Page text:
When I was in college, I lived near train tracks that crossed near the entrance to the neighborhood. The area nearby was being developed, and what used to be a two lane winding road got rerouted into a 4 lane straight shot, that now crossed the tracks about a half mile south of the original crossing. Since our small neighborhood was the only thing reachable from that road in those days before it was extended, the railroad crossing had just a stop sign, with no lights, bells, or mechanical arms.

    The crossing was not perpendicular, so if you looked to your left while heading east, a building blocked the view of the tracks.

    One day, I was heading home and considering running the stop sign at the tracks. Just as I approached the crossing, a train became visible as it passed the building concealing it. The building was only about 50 yards up the track, so the sight of the train, plus the noise (much of which was muffled by the building in the way) came very suddenly to me. I slammed on the brakes, and had it taken me one more car length to notice that train, I would have made contact with it.

    I always stop for trains now.

    1. salguod Avatar

      I drove yesterday through a rural crossing like that. Oddly, not in a remote area all but devoid of traffic, but 30 or so minutes outside of downtown Columbus right near a large metro park. The road had recently been repaved and an intersection maybe a quarter of a mile from the crossing converted to a roundabout, and yet the stop sign remained. Didn’t make any sense.

  8. Peter Tanshanomi Avatar

    “…don’t drive around lowered gates or flashing lights at grade crossings.”

    There’s your answer. Good luck with that.

    1. Zentropy Avatar
      Zentropy

      I hate to sound insensitive, but I completely agree with this and other similar statements above. The gate and flashing lights provide adequate warning, and there’s not much you can do if someone decides not to heed it. I feel much the same way about seat belts and motorcycle helmets (excluding children)– if you don’t want to protect yourself, then that’s your choice. Evolution is much better at preventing stupid decision-making than we are.

    2. Zentropy Avatar
      Zentropy

      I hate to sound insensitive, but I completely agree with this and other similar statements above. The gate and flashing lights provide adequate warning, and there’s not much you can do if someone decides not to heed it. I feel much the same way about seat belts and motorcycle helmets (excluding children)– if you don’t want to protect yourself, then that’s your choice. Evolution is much better at preventing stupid decision-making than we are.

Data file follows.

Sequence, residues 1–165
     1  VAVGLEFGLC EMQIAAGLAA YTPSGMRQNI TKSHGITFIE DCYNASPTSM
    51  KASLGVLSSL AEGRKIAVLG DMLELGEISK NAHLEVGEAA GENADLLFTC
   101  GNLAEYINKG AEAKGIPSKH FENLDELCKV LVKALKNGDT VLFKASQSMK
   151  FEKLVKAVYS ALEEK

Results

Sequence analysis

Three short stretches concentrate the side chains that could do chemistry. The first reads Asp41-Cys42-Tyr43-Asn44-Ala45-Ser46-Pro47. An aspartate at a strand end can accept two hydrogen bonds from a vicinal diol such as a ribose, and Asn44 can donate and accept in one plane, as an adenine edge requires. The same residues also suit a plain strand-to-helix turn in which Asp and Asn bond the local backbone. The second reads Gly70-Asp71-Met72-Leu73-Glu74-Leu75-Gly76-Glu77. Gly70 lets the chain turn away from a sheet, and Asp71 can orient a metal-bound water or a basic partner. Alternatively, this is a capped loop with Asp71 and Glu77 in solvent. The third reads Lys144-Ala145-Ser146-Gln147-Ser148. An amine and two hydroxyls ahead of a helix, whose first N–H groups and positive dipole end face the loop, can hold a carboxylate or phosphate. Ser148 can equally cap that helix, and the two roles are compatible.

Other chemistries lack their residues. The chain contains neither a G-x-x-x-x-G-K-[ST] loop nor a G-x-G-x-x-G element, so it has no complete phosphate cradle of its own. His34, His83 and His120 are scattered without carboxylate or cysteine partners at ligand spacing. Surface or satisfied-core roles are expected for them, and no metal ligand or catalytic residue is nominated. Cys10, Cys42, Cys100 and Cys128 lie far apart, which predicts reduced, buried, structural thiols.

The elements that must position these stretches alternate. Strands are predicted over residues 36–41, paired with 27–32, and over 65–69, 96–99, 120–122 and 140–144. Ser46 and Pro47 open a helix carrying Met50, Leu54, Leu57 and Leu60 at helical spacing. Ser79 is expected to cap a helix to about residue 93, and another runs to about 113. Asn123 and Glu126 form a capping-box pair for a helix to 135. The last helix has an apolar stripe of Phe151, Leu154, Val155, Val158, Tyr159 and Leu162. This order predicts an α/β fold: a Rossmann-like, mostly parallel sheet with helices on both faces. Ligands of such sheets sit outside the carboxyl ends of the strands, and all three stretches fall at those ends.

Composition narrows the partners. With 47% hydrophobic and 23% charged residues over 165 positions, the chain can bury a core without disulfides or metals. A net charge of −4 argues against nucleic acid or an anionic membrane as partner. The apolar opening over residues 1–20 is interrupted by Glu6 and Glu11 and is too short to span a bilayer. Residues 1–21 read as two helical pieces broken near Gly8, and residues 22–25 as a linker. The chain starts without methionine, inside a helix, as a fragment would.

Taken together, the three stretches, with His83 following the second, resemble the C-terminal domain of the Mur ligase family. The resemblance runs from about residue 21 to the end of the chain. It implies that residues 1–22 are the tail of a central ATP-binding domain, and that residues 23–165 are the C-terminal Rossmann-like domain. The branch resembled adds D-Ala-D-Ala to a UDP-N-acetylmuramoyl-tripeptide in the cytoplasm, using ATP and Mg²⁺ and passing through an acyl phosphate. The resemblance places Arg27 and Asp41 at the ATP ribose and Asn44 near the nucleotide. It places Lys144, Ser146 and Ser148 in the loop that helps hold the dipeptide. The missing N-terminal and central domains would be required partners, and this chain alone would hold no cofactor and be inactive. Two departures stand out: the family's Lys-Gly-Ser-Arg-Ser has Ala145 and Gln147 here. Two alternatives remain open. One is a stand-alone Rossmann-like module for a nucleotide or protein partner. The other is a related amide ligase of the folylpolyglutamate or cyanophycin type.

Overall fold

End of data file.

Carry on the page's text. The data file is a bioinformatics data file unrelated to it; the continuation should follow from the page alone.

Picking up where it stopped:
9. danleym Avatar
    danleym

    Nothing can prevent stupid people from being stupid, and I dont have much sympathy for the idiot who circumvents the gates. However, they’re not the only person impacted. The engineer will forever live knowing his train killed someone, and will question if he could have changed anything. And then, like in this instance, there’s the 7 passengers hurt, because of someone else’s stupidity.

    The 4 quadrant system seems to make sense. To address a couple of the drawbacks:

    Most firetrucks in the US carry Knox keys that allow access through gates and into buildings around the city. Police and ambulance access to these keys will vary from city to city. Seems easy enough to incorporate this system into a railroad crossing for use in the event of a malfunction. It would delay, but not entirely prevent response in that instance.

    Also, as far as the trapped car possibility. Drop the set of arms on the approach side 10-15 seconds before the departure side, allowing cars to clear. Have sensors to detect a car on the tracks, which would leave the departure side gates open until the car clears. Hell, if you want to go really big picture and force the entire industry to change, those sensors that detect a car on the tracks could automatically trigger the train to start braking.

    Those steps would probably reduce the number of collisions at crossings, but you’ll never eliminate them, because people will find a way to express their stupidity against all odds.

  10. outback_ute Avatar
    outback_ute

    Here in Melbourne they are finally working through grade-separating the crossings, it will take years and cost a lot but is the only answer.

    Apart from the safety aspect, there were a group of roads that used to have the boom gates down for 40-45 minutes per hour during rush hour when the trains run more frequently.

    You just can’t get past the idiot factor. On a related note even with all these warning devices this low rail bridge has been struck by vehicles 3 times this year. https://uploads.disquscdn.com/images/74c5b1a46f0638d402255b783d8ad4f4c89dde8bc640ae579389e07d02a6effd.jpg

  11. Sjalabais Avatar
    Sjalabais

    This is basically what makes me sceptical to those “zero people die in our cars”-promises that some carmakers like Volvo have come up with, attached to a seemingly arbitrary date. Even automated systems will have their weaknesses or a way to be tempered with.

    People will always find a way around every system. Both lowered gates and flashing lights (in case of fully closed intersections) should avoid crashes and stuck cars for obvious reasons. I’m not even sure every single of these people are necessarily so stupid, distracted and tired might be enough. I’ve done my share of stupid things, even though I’d struggle to come up with a good scenario to drive onto a closed train crossing.

    I work with urban planning (“rural planning”?) and am fully aware of the highly detailled work descriptions, laws, regulations and standards that come with infrastructure design. But even at the very top, politicians try to chip away at that for cost savings and constituents and lobbyists odd desires. Enter the planners, who try to accomodate regional and local issues. Regulations are favoured casualties. Next up the builders, who win a contract by bidding a lowest possible number, eyeing a way out of every rule and standard they deem superfluous. Only then do you get the end user, who comes up with all sorts of shenanigans, some of them to the utter surprise of everyone involved in the earlier chain of shame.

  12. neight428 Avatar
    neight428

    Shame about the damage to the platform and train equipment as well as the injuries to those on the train. Likewise for the passengers in the car, but the driver is at best willfully ignorant. You can only do so much for those people.

  13. ptschett Avatar
    ptschett

    Per the NY Times the driver of the car may have been trying to run from an accident scene…